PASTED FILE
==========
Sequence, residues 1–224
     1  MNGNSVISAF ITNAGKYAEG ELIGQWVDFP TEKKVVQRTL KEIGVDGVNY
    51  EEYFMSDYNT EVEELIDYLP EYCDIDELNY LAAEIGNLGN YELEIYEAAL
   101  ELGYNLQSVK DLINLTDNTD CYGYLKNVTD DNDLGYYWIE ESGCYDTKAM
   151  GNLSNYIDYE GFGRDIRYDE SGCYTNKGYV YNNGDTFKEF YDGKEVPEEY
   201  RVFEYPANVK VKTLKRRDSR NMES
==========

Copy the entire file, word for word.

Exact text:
Sequence, residues 1–224
     1  MNGNSVISAF ITNAGKYAEG ELIGQWVDFP TEKKVVQRTL KEIGVDGVNY
    51  EEYFMSDYNT EVEELIDYLP EYCDIDELNY LAAEIGNLGN YELEIYEAAL
   101  ELGYNLQSVK DLINLTDNTD CYGYLKNVTD DNDLGYYWIE ESGCYDTKAM
   151  GNLSNYIDYE GFGRDIRYDE SGCYTNKGYV YNNGDTFKEF YDGKEVPEEY
   201  RVFEYPANVK VKTLKRRDSR NMES